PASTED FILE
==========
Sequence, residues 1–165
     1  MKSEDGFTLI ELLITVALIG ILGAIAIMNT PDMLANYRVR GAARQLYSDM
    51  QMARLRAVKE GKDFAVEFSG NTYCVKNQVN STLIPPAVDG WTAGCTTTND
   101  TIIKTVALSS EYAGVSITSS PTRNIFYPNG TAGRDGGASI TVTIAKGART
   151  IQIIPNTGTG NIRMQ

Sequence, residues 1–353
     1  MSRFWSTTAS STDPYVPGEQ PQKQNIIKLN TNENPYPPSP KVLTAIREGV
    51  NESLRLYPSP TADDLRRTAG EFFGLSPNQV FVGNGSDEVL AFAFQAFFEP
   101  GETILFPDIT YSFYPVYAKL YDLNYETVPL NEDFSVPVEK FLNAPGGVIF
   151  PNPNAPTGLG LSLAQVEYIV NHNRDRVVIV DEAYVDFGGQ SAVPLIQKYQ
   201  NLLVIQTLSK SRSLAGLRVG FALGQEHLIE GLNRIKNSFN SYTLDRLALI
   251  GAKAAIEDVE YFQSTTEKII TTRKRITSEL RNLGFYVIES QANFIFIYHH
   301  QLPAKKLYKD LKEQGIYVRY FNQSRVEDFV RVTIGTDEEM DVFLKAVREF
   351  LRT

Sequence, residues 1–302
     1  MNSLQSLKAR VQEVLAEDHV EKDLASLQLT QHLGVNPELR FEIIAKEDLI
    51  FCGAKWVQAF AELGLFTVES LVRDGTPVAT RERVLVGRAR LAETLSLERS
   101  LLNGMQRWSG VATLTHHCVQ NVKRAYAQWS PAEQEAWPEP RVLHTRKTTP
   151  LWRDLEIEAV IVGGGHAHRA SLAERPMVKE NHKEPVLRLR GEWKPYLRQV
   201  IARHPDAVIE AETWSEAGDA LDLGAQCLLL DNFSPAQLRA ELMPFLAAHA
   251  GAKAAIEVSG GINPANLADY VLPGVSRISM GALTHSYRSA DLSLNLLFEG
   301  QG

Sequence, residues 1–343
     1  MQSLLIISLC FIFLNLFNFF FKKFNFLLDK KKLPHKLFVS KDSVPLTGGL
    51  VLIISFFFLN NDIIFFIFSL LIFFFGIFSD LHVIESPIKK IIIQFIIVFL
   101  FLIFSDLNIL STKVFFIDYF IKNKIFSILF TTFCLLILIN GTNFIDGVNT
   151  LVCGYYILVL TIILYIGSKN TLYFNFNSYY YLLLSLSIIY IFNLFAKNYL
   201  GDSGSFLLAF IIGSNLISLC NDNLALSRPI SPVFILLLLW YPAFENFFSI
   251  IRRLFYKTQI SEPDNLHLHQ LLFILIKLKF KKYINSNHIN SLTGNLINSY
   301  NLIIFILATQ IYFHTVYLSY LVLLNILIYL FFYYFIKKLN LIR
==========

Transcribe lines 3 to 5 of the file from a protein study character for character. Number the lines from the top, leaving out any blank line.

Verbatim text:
    51  QMARLRAVKE GKDFAVEFSG NTYCVKNQVN STLIPPAVDG WTAGCTTTND
   101  TIIKTVALSS EYAGVSITSS PTRNIFYPNG TAGRDGGASI TVTIAKGART
   151  IQIIPNTGTG NIRMQ